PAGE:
Is it any surprise that the demographics of Israel and the West Bank are extremely important to debates about land ownership and settlement? Or that demographic data is pored over to determine which group can claim some sort of moral superiority through numbers?  For some decades now the Arab fertility rates have been much higher than their Jewish counterparts, leading some in Israel to fear being swamped by numbers.  However, that picture of higher Arab births is rapidly changing according to Paul Morland in the Jerusalem Post:

“…the Arab share of Israeli births, at a little over 22% of the total, is now not much higher than the overall Arab share of the population, at a little under 21% of the total, and well down from its peak of around 30%. The birth rates of Arabs and Jews in Israel are close to converging. This is both significant and unsurprising.

It is significant because it represents a dramatic drop in Arab fertility rates. Since the Arab population is younger and has more women of child-bearing age relative to its size than the Jewish population, it would be expected to have a higher birth rate. The fact that the birth rates of the two communities are close to convergence means that we are nearing the point, if we have not already passed it, when the average Jewish woman in Israel must be having more children than the average Arab woman.”

This trend of declining Arab fertility rates reflects trends elsewhere in the Middle East.  In Egypt the average woman used to have 6.5 children in the 1960s, now it is less than three. In Lebanon the decline has been from more than 5.5 to less than 1.5 over the same period. Jordan has gone from 8 to 3 and Syria has gone from 7.5 to 3.5.

Therefore, to find that Israeli Arab women trend the same way may not be all that surprising. What is surprising is that Israeli Jewish women are steadily having more children.

“At around three children per woman, this is a fertility rate of twice or more the level of Russia, Poland and Germany and half as many again as those of France, the UK and the US. It is an unprecedented level of child-bearing for women in a developed country.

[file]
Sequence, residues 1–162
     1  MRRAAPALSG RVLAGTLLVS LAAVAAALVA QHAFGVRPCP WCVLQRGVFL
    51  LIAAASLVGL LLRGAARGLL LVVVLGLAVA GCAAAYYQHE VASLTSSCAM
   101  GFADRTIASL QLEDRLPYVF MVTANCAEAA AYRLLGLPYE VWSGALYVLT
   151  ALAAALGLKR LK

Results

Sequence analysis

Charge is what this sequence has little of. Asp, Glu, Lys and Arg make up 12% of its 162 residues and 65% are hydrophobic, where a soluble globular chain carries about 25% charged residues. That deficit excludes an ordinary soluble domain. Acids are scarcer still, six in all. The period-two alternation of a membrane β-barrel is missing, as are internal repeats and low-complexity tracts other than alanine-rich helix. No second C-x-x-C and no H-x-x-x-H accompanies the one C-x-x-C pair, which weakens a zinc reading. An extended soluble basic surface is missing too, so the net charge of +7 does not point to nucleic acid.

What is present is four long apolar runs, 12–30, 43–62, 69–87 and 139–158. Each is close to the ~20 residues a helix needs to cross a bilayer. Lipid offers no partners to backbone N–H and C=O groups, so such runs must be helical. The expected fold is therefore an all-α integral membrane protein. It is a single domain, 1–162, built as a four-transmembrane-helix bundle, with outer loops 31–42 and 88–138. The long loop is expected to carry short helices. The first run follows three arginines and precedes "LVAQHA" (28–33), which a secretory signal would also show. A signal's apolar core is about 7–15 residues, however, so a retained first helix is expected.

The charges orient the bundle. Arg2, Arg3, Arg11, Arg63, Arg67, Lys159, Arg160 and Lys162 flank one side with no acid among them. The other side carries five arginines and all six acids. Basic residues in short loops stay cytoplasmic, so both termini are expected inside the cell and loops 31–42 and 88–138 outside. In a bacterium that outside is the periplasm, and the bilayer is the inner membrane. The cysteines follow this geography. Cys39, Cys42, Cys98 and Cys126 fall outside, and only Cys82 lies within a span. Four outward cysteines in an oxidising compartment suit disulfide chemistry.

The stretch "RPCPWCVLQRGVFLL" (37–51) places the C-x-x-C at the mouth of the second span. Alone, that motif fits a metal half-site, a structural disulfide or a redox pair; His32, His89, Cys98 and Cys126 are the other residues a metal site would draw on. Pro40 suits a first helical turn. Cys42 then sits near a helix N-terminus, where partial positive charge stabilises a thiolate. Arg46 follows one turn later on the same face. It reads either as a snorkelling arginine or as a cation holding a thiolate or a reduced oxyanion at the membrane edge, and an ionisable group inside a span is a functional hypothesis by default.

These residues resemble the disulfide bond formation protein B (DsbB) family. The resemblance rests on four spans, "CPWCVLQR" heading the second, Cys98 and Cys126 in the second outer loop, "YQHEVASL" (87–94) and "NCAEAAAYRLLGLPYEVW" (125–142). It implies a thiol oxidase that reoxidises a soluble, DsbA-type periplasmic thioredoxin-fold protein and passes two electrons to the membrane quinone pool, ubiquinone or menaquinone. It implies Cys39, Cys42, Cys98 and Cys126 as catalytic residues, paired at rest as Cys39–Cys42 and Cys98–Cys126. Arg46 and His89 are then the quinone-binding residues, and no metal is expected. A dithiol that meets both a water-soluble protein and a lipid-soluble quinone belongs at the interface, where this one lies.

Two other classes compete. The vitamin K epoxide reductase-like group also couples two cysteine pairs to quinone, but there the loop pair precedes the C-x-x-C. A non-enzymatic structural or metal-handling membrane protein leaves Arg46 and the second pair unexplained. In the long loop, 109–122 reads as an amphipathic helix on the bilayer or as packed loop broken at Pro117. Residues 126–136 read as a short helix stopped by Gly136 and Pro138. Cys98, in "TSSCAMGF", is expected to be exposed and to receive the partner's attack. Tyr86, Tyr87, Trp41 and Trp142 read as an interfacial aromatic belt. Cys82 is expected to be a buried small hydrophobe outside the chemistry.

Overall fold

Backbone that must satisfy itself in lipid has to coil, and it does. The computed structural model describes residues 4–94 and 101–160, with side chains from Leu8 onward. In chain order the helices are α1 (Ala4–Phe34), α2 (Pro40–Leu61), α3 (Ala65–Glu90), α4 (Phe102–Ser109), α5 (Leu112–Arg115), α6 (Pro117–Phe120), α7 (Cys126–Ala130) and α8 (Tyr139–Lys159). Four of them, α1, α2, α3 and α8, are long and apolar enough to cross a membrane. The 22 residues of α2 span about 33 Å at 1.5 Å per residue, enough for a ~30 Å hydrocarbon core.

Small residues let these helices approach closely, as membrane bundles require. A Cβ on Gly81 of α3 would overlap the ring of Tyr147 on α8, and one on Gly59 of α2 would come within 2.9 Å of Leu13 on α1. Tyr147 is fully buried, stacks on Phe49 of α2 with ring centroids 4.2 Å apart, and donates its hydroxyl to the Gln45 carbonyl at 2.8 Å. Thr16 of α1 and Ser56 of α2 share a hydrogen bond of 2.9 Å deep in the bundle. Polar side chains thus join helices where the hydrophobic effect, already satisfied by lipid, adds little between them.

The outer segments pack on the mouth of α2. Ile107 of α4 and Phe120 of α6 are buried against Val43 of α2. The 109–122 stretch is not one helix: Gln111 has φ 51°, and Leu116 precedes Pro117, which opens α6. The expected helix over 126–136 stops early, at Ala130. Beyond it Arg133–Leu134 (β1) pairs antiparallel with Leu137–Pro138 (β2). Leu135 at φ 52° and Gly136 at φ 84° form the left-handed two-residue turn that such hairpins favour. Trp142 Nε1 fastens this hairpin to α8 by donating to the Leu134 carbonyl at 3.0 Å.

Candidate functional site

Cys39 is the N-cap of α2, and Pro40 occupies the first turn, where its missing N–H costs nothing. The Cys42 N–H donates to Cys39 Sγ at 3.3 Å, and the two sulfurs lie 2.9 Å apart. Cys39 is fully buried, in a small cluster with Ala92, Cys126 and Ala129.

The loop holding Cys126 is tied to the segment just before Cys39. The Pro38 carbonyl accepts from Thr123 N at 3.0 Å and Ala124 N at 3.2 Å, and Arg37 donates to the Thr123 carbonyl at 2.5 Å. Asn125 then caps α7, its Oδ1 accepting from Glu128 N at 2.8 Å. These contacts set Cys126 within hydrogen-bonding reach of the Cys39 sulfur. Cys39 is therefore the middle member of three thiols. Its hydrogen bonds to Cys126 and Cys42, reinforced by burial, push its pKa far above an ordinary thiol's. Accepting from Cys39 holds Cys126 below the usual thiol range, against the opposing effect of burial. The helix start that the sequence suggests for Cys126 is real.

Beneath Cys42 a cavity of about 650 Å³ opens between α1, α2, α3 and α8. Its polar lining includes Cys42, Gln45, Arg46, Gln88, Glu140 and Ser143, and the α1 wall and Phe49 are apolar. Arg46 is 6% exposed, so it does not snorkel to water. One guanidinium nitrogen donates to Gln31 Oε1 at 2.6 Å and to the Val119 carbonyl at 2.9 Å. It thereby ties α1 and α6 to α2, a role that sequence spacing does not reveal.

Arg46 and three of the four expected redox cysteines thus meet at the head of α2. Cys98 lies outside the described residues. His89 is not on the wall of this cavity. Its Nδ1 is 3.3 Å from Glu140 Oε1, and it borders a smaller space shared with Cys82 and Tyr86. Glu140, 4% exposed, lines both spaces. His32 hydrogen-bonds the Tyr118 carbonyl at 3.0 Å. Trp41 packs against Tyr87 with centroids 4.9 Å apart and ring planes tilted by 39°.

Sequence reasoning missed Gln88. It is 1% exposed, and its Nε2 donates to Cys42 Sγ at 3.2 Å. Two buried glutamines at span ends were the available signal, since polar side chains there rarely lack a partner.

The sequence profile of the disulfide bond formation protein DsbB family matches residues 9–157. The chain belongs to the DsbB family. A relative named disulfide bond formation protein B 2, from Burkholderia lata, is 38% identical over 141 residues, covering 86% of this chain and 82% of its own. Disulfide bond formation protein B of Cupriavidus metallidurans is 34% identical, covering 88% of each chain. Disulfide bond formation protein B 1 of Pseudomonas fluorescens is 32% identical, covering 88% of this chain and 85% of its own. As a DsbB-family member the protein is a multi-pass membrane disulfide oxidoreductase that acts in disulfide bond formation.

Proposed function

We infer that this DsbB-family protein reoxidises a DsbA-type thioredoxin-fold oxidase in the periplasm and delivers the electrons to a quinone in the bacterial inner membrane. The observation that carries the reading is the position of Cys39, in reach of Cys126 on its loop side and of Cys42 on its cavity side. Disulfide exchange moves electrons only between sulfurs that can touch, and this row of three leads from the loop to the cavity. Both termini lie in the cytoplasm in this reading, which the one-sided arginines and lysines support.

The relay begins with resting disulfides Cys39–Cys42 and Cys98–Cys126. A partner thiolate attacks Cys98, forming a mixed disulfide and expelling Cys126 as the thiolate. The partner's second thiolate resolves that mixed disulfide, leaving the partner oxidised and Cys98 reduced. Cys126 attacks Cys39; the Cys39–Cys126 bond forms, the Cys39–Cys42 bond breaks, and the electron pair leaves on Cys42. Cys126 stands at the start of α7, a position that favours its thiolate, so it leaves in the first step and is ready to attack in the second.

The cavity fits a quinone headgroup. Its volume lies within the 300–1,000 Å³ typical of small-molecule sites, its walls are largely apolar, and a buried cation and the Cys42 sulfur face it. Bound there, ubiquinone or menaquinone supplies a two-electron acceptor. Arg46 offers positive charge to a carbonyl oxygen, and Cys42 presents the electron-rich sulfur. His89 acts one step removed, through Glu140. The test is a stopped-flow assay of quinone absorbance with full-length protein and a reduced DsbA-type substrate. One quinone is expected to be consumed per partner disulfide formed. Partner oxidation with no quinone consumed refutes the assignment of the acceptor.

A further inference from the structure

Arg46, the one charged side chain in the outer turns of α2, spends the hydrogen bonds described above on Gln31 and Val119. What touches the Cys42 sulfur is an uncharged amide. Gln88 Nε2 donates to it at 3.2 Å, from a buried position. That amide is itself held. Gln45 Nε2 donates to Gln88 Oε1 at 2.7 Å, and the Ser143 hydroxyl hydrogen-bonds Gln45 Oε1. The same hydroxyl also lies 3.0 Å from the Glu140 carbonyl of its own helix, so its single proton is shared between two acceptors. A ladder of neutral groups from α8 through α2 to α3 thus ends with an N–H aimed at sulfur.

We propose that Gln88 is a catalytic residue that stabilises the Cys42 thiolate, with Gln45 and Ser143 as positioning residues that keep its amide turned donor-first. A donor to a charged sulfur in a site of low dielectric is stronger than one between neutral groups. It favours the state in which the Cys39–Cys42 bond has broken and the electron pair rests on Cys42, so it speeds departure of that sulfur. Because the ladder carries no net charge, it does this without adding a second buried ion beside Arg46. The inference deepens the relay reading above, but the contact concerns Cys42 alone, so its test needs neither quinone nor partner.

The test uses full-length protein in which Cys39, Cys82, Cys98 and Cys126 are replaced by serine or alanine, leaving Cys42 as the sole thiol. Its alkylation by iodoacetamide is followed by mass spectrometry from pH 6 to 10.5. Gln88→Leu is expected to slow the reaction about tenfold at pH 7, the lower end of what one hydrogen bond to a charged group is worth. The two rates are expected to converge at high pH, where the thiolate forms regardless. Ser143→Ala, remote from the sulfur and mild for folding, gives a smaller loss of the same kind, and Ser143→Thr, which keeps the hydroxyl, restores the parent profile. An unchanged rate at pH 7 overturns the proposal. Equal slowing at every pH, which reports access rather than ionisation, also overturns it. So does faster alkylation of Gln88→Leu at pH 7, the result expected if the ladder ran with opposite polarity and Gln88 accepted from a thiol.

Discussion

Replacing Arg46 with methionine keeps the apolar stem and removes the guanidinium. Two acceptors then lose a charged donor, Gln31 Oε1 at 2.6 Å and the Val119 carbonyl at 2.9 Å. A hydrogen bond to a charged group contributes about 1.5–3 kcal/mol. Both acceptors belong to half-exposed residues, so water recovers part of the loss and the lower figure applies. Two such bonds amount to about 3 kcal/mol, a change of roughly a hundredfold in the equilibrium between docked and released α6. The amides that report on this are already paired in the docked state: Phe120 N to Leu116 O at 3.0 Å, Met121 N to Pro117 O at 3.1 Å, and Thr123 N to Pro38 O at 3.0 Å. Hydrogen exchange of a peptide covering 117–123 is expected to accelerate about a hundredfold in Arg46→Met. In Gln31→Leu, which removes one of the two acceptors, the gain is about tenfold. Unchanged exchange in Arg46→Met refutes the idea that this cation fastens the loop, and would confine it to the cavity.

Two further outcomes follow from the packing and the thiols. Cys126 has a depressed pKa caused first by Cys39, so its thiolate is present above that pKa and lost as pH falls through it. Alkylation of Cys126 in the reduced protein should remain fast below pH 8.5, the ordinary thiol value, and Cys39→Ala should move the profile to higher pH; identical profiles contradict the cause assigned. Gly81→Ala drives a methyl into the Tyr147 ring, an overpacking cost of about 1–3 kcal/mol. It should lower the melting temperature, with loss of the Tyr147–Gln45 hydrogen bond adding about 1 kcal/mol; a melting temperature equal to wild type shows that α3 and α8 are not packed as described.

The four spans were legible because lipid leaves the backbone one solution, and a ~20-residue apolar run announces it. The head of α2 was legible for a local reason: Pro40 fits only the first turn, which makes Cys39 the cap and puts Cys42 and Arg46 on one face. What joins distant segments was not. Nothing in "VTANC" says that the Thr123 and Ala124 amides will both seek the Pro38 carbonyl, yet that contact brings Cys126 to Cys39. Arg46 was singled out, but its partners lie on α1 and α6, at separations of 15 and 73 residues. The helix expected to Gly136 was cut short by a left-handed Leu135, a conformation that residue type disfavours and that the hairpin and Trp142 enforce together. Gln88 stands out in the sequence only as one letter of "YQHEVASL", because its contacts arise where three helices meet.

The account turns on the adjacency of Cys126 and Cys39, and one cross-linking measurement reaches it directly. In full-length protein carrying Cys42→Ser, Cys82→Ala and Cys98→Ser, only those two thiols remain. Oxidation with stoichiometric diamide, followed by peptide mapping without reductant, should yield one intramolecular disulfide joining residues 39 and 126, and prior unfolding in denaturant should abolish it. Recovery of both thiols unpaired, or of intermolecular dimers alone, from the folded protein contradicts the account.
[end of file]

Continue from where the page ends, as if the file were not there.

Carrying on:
And although the haredim (ultra-Orthodox) certainly contribute to this trend, the latest evidence from experts Evgenia Bystrov and Arnon Sofer suggests that childbearing among haredim is falling while among the secular population it is slowly rising… births to Jews living in the West Bank have grown five-fold in the past 20 years, while Jews moving to the West Bank have more than halved in number. Overwhelmingly today, the growth of the Jewish population in the settlements is organic and due to a high birth rate rather than to arrival from pre-1967 Israel. ”

What conclusion we can take from these figures is unclear. As Morland states:

“It does not have a direct bearing on the hotly debated question of the total number of Arabs living in the West Bank and what the impact of their incorporation within Israel would be. Nor does it necessarily suggest that Jews will grow as a share of the population of Israel with or without the West Bank; issues of mortality as well as fertility will impact this, and so will movements of populations in and out of the area.”

Instead, the information can be seized upon by both sides of the debate:

“…for the Right it can be used to argue that a territorially maximalist position is at least more demographically feasible than it was a decade or two ago, from the Left’s point of view it can be used to deflate what is sometimes taken to be demographic panic aimed at the Arab citizens of Israel.”

Aside from the political position, I would be interested to find out why secular Jews are having more children. This seems to buck the secular trend in the West. On the other hand, the decline in births among Arab women and other Arab populations again underlines the fact that the fertility decline that we’ve been talking about for the last few years is not just a problem for Western Europe and Japan.

Marcus Roberts is a Senior Researcher at the Maxim Institute in Auckland, New Zealand, and was co-editor of the former MercatorNet blog, Demography is Destiny. Marcus has a background in the law, both...